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Patella femoral pain syndrome. I now have a name for my knee pain. SS took a course in joint dysfunction in the spring. He asked me lots of questions during the semester about what hurt and what didn’t because he was wavering between two knee problems that have similar symptoms.
The good news about Patella femoral is that it rarely, if ever, requires surgery, and it is the least debilitating of all the knee problems. The bad news is that it is the slowest and most difficult recovery.
If I have been sitting for a long time my knee hurts when I get up. However once I’m moving around, I feel little or no pain. My knees hurt going up and down stairs, particularly if I don’t keep my toes pointed straight ahead. (I am SO glad we built a one-story house.) It doesn’t hurt to run, swim, or ride my bike, but exercises that involve lunges are very painful. Not surprising to me at all is that it is aggravated by poor arch support and the tendency to pronate.
In May SS gave me six exercises to do. He said that with some physical therapy, you have to push through the pain. Patella femoral is not one of those conditions. He said that if any of the exercises made my knees hurt or pop to stop immediately. Two of them caused pain, so I just did the other four until he came home last week.
He watched me do the exercises and said my form was good on all but one of them. Someone will have to spot me on that one until the muscle he is trying to isolate gets stronger. The two exercises that hurt were for my quads. SS said that strengthening my quads is the single most important thing to do. He modified those two exercises in such a way that I’m working my quads, but not hurting my knee. Other muscles that impact Patella Femoral are abductors, hip external rotators, hip extensors.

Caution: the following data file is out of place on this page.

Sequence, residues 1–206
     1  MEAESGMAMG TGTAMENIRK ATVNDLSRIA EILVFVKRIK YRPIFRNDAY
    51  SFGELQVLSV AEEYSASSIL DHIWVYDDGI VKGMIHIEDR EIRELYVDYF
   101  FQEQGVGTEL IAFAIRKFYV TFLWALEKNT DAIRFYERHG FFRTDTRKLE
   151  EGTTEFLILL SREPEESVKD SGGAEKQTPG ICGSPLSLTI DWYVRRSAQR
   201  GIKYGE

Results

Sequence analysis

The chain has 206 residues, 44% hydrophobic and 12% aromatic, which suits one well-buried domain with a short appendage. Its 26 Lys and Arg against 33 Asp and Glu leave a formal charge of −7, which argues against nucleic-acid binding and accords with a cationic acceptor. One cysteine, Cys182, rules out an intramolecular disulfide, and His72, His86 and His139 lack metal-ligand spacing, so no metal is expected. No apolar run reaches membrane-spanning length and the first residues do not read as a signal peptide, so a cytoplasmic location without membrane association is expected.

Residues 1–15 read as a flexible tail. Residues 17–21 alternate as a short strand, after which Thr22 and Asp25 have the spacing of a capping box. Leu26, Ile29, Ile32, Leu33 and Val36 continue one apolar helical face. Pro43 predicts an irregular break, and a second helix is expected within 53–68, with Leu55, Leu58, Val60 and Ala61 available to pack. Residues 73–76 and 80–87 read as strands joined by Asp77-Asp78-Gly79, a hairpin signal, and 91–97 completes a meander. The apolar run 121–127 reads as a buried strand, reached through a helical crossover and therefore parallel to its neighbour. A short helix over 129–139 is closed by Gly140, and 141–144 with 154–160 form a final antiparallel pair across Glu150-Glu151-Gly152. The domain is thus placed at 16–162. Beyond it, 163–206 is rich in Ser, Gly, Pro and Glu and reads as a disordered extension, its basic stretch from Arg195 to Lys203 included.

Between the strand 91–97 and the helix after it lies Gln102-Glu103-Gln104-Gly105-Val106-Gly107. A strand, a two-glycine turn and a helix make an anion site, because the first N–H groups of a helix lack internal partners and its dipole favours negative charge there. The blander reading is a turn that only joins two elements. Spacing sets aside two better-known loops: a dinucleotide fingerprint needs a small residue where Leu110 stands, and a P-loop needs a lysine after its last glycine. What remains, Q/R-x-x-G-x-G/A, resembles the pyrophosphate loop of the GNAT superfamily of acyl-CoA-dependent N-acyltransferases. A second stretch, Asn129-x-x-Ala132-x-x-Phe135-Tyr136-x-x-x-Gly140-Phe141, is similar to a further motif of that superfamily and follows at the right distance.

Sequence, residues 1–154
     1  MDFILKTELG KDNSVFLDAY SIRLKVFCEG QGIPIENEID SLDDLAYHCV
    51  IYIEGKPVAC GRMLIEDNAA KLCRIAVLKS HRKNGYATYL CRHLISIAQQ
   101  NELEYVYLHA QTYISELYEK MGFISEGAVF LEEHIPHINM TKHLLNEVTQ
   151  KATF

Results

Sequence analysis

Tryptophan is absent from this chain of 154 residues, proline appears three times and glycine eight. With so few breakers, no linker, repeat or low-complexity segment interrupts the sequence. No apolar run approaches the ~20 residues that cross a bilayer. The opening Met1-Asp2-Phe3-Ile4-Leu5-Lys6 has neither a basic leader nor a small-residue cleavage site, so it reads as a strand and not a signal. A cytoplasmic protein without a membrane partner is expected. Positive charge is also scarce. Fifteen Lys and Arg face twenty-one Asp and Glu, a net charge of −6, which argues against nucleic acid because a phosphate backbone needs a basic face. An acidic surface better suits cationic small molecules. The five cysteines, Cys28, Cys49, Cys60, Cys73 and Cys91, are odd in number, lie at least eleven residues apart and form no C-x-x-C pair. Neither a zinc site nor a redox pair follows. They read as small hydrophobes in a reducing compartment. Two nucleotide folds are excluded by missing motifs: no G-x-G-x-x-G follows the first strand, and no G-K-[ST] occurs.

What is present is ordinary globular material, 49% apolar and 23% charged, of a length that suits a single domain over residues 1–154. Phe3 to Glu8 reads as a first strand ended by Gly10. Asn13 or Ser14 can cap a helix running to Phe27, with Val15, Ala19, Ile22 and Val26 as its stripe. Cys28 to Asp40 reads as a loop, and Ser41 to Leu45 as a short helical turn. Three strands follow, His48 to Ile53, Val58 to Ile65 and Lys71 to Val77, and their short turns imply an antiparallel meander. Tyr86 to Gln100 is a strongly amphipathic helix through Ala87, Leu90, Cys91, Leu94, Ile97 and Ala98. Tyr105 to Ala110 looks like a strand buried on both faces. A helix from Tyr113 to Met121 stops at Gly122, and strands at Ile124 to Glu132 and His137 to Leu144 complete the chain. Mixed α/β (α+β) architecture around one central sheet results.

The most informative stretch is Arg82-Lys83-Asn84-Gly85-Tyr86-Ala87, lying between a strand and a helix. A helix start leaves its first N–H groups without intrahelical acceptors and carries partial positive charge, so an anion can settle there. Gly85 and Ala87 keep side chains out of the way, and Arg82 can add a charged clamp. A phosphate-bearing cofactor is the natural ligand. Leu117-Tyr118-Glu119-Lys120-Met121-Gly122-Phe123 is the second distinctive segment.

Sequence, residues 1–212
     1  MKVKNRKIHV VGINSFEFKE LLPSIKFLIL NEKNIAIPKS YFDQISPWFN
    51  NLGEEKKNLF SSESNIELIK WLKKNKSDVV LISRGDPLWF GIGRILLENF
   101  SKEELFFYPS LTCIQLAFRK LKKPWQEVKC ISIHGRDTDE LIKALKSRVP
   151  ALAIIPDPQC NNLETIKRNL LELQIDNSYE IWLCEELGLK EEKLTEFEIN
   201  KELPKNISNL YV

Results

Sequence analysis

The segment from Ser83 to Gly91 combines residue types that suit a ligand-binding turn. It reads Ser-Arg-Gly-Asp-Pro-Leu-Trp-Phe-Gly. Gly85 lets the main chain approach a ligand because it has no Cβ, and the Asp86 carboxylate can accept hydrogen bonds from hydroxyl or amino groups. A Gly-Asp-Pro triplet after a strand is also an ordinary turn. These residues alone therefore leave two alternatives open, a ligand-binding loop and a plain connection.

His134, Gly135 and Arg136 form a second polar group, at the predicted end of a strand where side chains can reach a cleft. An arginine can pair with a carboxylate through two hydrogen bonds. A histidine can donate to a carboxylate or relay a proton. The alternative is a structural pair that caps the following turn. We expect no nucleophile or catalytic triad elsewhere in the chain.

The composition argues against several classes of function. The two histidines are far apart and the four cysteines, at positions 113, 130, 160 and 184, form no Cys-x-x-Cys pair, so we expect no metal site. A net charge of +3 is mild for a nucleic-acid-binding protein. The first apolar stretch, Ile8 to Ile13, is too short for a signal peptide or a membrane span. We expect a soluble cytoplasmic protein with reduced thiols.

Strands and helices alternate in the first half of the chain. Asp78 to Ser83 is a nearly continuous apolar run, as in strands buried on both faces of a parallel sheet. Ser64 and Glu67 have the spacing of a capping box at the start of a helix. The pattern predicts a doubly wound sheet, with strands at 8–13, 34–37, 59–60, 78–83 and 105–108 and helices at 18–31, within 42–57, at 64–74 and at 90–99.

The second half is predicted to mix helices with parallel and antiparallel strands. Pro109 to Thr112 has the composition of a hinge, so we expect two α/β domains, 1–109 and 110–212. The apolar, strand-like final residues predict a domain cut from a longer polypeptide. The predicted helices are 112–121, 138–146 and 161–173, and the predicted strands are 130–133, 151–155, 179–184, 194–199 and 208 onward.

It was gratifying to me as a Mom to watch him work, and to see how his manner was both firm and gentle. He found it helpful to spend an unlimited amount of time watching me move and modifying the exercises. He says he never gets to spend that much time with a patient in a clinic situation. I’m probably biased, but I think he will make a wonderful physical therapist.
He tells me that inflammation is not a factor in Patella Femoral Syndrome. I would concur that there has been no swelling or stiffness in the joint. However, since inflammation is such a big issue for Hunters, I can’t help wonder if there isn’t some low level of inflammation that contributes to the pain. Or perhaps physical therapists and naturopaths use different definitions for inflammation. I’m going to look into inflammation protocols.
What I am most curious about is which came first – the chicken or the egg? Or in my case - did arch problems cause my quad to deteriorate to the point that it couldn’t support my knee cap, or did weak quads and hip muscles cause me to walk awkwardly and affect my feet?
I suspect there may be a genetic component to this problem. My father told of his army days when he was marching across Italy and his feet and legs hurt so bad that he thought he couldn’t take another step. He stopped by the side of the road, stuffed dry grass under his arches, and felt immediate relief. My Mom’s knees hurt if she sits for too long. The pain has caused her to stop attending both Sunday School and church. It’s just too much sitting.
I’m hoping that if correct the underlying muscle weakness, I may find a permanent solution to both my knee and foot problems.
You probably know more about my knees that you ever wanted to know. I got off on this tangent because of a thread on the Forum. DD and I have tried some new recipes, and I’ll get back to blogging about beneficials and avoids next time.
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